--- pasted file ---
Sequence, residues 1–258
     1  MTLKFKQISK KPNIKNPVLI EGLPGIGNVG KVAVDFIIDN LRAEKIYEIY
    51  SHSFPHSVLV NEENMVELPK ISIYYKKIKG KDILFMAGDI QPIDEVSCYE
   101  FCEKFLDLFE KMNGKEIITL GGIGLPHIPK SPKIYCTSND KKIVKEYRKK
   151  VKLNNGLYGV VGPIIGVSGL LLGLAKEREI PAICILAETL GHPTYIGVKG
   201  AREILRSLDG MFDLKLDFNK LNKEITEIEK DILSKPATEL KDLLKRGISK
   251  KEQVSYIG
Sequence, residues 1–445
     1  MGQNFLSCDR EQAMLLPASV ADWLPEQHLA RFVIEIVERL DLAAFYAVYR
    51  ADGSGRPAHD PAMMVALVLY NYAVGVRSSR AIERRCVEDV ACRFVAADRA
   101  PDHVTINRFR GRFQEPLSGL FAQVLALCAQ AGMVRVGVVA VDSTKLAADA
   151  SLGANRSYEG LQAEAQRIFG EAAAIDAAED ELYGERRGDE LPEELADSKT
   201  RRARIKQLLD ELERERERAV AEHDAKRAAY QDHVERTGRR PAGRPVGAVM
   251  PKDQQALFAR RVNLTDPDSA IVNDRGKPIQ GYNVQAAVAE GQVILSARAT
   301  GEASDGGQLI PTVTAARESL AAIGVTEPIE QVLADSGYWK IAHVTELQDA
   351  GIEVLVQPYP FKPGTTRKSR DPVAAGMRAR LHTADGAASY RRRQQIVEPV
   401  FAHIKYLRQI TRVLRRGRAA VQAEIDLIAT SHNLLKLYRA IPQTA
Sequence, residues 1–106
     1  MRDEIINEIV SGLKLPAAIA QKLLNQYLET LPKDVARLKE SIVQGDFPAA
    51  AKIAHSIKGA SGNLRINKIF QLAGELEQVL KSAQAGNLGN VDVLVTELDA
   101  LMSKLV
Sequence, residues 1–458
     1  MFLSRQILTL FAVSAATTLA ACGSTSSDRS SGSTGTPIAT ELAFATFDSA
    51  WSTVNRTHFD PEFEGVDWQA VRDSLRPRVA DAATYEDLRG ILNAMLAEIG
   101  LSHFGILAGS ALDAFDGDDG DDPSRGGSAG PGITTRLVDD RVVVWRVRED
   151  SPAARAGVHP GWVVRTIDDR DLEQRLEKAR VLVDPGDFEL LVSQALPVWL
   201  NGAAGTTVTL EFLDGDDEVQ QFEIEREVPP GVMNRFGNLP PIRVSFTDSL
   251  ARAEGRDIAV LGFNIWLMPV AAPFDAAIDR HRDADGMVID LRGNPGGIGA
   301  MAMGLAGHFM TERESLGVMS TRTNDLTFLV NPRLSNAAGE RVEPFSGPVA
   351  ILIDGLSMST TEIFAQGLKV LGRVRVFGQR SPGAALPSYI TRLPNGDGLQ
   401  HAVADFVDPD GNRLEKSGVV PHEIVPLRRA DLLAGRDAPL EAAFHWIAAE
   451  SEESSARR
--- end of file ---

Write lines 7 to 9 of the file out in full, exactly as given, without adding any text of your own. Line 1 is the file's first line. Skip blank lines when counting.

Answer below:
   251  KEQVSYIG
Sequence, residues 1–445
     1  MGQNFLSCDR EQAMLLPASV ADWLPEQHLA RFVIEIVERL DLAAFYAVYR